If operating cash flow per share is less than reported EPS, it means that the company is generating less cash than is represented by reported EPS. In this case, EPS is of low quality because it does not reflect the negative operating results of the company and overstates what the true (cash) operating results.
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Let's say that Behemoth Software (BS for short) reported that its GAAP EPS was $1. Assume that this number was derived by following GAAP and that management did not fudge its books. And assume further that this number indicates an impressive growth rate of 20%. In most markets, investors would buy this stock.
However, if BS's operating cash flow per share were a negative 50 cents, it would indicate that the company really lost 50 cents of cash per share versus the reported $1. This means that there was a gap of $1.50 between the GAAP EPS and actual cash per share generated by operations. A red flag should alert investors that they need to do more research to determine the cause and duration of the shortfall. The 50 cent negative cash flow per share would have to be financed in some way, such as borrowing from a bank, issuing stock, or selling assets. These activities would be reflected in another section of the cash flow statement.
If BS's operating cash flow per share were $1.50, this would indicate that reported EPS was of high quality because actual cash that BS generated was 50 cents more than was reported under GAAP. A company that can consistently generate growing operating cash flows that are greater than GAAP earnings may be a rarity, but it is generally a very good investment. (To learn more about this metric, check out Operating Cash Flow: Better Than Net Income?)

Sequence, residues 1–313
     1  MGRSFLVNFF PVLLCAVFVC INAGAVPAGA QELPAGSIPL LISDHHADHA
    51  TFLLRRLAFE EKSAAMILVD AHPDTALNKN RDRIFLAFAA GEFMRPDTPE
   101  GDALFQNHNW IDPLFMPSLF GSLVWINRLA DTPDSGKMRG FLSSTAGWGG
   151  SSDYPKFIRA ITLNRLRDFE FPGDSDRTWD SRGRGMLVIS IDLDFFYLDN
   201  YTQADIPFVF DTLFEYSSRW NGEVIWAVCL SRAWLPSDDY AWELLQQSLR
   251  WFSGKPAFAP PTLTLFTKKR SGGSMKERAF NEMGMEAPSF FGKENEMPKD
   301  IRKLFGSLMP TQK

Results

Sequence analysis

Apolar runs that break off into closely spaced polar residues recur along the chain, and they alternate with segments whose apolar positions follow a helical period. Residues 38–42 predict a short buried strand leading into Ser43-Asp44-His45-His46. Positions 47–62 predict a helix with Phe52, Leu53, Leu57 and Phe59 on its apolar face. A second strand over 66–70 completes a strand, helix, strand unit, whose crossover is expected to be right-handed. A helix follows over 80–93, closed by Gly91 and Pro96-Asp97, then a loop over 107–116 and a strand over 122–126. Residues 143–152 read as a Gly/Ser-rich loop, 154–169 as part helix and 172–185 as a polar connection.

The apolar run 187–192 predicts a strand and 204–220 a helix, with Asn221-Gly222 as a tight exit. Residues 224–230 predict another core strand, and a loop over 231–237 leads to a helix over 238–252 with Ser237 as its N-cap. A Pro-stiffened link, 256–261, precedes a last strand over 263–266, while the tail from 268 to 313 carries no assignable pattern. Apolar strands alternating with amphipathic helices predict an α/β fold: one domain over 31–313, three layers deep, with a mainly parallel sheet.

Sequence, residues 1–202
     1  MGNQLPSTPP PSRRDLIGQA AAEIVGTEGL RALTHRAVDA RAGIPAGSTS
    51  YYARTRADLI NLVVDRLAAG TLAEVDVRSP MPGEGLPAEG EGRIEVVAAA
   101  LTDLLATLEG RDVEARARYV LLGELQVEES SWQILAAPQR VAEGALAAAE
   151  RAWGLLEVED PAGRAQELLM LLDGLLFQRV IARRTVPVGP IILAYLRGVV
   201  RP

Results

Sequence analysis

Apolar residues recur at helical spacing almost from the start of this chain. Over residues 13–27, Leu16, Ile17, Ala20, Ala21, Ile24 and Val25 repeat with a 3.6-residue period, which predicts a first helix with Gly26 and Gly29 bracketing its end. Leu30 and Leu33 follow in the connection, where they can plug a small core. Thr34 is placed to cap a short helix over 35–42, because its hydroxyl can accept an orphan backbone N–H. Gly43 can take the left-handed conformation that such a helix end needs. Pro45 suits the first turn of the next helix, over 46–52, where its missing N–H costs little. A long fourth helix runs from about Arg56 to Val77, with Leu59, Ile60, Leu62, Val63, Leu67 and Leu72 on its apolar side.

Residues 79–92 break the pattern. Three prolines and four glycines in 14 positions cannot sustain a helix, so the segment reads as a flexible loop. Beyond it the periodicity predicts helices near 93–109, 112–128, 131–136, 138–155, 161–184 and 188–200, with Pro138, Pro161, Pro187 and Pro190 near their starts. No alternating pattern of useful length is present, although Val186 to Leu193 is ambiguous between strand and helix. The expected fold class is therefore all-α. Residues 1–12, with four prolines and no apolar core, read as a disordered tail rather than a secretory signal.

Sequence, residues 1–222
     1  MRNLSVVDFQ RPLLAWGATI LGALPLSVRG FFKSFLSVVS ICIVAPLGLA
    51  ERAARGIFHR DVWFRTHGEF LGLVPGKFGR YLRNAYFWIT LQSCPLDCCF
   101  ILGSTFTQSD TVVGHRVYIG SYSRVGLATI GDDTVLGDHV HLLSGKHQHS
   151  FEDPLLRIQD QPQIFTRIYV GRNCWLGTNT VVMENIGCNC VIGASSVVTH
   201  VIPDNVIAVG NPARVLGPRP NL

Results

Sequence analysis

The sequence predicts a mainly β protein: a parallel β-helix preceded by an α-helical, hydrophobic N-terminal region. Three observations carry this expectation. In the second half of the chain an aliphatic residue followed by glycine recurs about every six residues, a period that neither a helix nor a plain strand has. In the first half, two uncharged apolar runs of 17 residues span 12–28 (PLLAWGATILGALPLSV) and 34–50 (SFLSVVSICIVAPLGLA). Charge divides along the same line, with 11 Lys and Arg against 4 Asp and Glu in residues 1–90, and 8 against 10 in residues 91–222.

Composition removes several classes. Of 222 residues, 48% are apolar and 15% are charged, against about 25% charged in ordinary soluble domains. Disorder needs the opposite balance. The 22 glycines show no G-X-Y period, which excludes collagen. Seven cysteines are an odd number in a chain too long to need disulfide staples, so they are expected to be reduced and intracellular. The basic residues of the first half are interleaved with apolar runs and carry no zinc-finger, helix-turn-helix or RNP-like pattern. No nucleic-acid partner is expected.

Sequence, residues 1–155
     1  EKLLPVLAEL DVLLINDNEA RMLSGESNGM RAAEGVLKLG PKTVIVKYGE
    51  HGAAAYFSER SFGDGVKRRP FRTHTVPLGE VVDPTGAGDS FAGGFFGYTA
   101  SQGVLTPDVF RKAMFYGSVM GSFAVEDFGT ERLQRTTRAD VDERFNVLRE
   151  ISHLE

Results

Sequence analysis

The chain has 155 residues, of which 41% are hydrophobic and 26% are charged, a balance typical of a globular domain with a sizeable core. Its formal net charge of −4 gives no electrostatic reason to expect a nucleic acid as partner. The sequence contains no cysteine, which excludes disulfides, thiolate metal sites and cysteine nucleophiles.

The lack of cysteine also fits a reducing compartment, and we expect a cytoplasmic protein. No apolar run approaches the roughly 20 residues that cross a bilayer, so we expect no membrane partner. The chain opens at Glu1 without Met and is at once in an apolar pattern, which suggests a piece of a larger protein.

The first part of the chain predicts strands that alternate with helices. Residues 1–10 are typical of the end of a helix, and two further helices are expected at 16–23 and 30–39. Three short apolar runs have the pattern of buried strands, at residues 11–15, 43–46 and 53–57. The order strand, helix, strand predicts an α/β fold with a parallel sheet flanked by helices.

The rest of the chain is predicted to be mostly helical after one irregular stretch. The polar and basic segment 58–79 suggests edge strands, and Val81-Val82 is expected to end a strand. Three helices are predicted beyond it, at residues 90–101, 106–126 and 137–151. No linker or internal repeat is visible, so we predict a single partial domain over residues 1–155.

Trends Are Also Important
Because a negative cash flow may not necessarily be illegitimate, investors should analyze the trend of both reported EPS and operating cash flow per share (or net income and operating cash flow) in relation to industry trends. It is possible that an entire industry may generate negative operating cash flow due to cyclical causes. Operating cash flows may be negative also because of the company's need to invest in marketing, information systems and R&D. In these cases, the company is sacrificing near-term profitability for longer-term growth.
Evaluating trends will also help you spot the worst-case scenario, which occurs when a company reports increasingly negative operating cash flow and increasing GAAP EPS. As discussed above, there may be legitimate reasons for this discrepancy (economic cycles, the need to invest for future growth), but if the company is to survive, the discrepancy cannot last long. The appearance of growing GAAP EPS even though the company is actually losing money can mislead investors. This is why investors should evaluate the legitimacy of a growing GAAP by analyzing the trend in debt levels, times interest earned, days sales outstanding and inventory turnover. (To learn about why companies fudge cash flow, read Cash Flow On Steroids: Why Companies Cheat.)
The Bottom Line
Without question, cash is king on Wall Street, and companies that generate a growing stream of operating cash flow per share are better investments than companies that post increased GAAP EPS growth and negative operating cash flow per share. The ideal situation occurs when operating cash flow per share exceeds GAAP EPS. The worst situation occurs when a company is constantly using cash (causing a negative operating cash flow) while showing positive GAAP EPS. Luckily, it is relatively easy for investors to evaluate the situation.